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Data Vizualization (Showcase Workshop)

Quantitative Data

> Quantitative data can be:

  • counted
  • measured



> Examples of quantitative data include:

  • the weight of VW buses
  • the wingspan of eagles
  • the number of cars passing through an intersection each hour

> What's CONTINUOUS quantitative data?

  • there's an infinite number of possible values for each outcome
  • when you take measurements, it's usually continuous data you're finding!


  • You're right! - that doesn't mean the range of values you'd measure would be infinite.


> Examples of CONTINUOUS quantitative data include:

  • the surface water temperature of the Lincoln Park swimming pool (64.1, 62.8, 63.5, 65.0 ºF)
  • the hopping height of your pet jackrabbit (1.86, 2.41, 2.09, 2.11 m)
  • the weight of CMU football players


> So while there's likely an upper limit to the weight of a CMU football player...there's an infinite # of exact hopping heights that could be measured.

> What's DISCRETE quantitative data?

  • data with a limited # of possible outcome values
  • when you are counting sometime to collect data, it's often discrete!


> Examples of DISCRETE quantitative data include... 

  • # of passengers in a car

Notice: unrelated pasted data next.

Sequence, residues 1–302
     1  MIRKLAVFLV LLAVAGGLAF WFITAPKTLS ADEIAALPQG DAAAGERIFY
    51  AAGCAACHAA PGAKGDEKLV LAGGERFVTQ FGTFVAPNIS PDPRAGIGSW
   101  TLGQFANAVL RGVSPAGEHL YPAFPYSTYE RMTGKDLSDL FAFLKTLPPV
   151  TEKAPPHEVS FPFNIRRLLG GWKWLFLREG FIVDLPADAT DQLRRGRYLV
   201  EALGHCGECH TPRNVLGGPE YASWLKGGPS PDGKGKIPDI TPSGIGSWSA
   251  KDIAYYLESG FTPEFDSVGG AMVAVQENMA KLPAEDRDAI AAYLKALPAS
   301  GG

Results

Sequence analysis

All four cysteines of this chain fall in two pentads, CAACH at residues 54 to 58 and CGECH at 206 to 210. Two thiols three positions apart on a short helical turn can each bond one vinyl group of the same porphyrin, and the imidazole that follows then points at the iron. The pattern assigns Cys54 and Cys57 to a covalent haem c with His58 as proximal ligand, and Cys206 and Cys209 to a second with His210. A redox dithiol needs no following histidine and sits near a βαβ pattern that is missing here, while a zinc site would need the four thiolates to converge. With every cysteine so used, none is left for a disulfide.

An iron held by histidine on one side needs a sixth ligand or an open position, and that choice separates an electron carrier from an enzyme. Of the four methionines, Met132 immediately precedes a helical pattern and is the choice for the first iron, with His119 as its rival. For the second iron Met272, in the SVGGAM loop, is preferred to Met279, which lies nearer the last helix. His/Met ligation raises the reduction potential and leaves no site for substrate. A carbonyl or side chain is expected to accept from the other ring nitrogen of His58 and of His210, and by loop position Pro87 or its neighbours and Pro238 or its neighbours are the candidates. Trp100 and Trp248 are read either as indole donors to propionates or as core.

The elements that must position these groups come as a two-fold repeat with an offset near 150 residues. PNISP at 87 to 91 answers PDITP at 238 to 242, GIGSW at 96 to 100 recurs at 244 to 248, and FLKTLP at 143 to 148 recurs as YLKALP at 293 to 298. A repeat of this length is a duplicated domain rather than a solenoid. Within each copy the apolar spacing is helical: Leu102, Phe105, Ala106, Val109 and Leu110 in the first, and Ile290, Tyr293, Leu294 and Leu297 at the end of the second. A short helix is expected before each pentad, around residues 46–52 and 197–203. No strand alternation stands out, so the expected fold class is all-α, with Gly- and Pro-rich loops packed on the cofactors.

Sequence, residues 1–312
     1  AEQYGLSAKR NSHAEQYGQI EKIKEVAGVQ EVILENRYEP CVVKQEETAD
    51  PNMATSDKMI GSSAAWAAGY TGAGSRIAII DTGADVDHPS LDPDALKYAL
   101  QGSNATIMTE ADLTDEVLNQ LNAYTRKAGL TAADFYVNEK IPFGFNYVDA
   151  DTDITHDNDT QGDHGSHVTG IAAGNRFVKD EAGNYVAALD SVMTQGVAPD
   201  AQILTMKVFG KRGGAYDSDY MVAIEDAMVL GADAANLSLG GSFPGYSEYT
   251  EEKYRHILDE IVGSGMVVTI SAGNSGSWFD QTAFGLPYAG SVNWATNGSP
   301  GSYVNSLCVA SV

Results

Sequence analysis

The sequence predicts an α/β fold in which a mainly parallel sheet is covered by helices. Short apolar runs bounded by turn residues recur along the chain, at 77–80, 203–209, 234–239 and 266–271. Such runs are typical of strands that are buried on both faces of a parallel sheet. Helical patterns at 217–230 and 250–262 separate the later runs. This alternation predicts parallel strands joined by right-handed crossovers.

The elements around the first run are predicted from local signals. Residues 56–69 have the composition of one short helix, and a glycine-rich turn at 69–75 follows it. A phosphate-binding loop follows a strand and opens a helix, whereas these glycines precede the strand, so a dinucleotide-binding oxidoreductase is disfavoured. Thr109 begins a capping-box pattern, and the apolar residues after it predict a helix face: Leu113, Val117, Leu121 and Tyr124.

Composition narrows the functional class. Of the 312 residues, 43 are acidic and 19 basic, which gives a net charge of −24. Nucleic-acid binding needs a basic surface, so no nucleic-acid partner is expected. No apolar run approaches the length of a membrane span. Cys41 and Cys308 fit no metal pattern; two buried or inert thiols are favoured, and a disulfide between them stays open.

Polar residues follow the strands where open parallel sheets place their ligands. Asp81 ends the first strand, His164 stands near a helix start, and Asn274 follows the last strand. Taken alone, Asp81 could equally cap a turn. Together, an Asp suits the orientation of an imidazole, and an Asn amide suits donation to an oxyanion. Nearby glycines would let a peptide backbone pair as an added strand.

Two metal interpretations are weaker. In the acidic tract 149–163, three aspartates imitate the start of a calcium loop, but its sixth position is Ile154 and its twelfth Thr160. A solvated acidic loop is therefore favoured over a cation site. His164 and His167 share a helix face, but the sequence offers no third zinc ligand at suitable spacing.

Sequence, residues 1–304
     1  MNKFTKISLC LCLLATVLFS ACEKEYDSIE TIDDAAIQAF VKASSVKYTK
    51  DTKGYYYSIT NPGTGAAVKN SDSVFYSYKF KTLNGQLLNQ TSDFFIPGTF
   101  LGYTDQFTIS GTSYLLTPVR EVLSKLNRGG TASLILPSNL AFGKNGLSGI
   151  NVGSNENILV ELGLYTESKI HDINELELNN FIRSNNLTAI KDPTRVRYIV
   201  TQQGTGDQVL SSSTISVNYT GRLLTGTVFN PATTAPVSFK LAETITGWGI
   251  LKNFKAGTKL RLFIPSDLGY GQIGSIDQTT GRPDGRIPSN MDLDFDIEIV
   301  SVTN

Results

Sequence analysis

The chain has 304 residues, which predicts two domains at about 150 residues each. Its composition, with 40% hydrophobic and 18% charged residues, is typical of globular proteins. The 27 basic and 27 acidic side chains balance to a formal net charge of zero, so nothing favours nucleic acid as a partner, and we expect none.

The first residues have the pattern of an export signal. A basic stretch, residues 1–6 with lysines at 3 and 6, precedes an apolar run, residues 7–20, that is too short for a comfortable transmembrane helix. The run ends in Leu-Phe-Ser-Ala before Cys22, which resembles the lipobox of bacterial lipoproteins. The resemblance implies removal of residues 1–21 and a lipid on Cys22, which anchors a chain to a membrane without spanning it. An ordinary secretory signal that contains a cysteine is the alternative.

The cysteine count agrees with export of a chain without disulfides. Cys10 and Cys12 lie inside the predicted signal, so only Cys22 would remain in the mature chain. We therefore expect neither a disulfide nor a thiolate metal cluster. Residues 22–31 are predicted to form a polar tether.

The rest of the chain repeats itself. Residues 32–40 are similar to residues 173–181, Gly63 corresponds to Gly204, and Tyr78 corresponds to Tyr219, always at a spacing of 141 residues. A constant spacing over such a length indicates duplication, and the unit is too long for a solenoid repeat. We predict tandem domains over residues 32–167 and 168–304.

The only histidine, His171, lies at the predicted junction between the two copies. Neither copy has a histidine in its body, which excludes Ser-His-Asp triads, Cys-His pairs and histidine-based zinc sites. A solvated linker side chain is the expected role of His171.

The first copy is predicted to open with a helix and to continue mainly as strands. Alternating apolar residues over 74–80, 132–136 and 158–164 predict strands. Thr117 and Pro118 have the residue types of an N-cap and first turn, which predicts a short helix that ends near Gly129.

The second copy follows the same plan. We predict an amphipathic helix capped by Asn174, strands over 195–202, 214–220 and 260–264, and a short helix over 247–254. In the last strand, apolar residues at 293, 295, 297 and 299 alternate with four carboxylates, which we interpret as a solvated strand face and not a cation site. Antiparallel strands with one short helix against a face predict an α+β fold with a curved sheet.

• # of phone calls an office receives each day
  • # of puppies in a litter
  • # of credit hours registered for per student per semester

> Interval

  • Intervals between values are known
  • Intervals between values are equal
  • Example: temperature
    • Interval from 50°F to 60°F is known
    • Interval from 50°F to 60°F and 80°F to 90°F is equal
  • Where might I see INTERVAL data: usually within data collected in environmental science


> Ratio

  • A special case of INTERVAL data
  • Interval data that starts at 0
  • Where will I see RATIO data: environmental science - experimental research
    • Example: rainfall
      • starts at 0 inches (can't have negative rainfall!)
      • difference between 2 and 4 inches is known
      • difference between 2 and 4 inches = difference between 10 and 12 inches
    • Example: whale mass
      • starts at 0 (though no whale will weigh 0, they couldn't weigh LESS than 0!)


> Ordinal 

  • data has a relevant order
  • magnitude between values is unknown or unequal
  • When will I see ORDINAL data: survey data with ranked responses
  • Example: a satisfaction scale
    • scale from 1 to 5 (with 5 as highest satisfaction)
      • 5 = better than 3
      • 4 = better than 2
      • difference between 5 & 3? unknown
      • difference between 4 & 2? unknown
    • There's an order but the interval differences aren't necessarily meaningful

Where'd You Find this Good Info?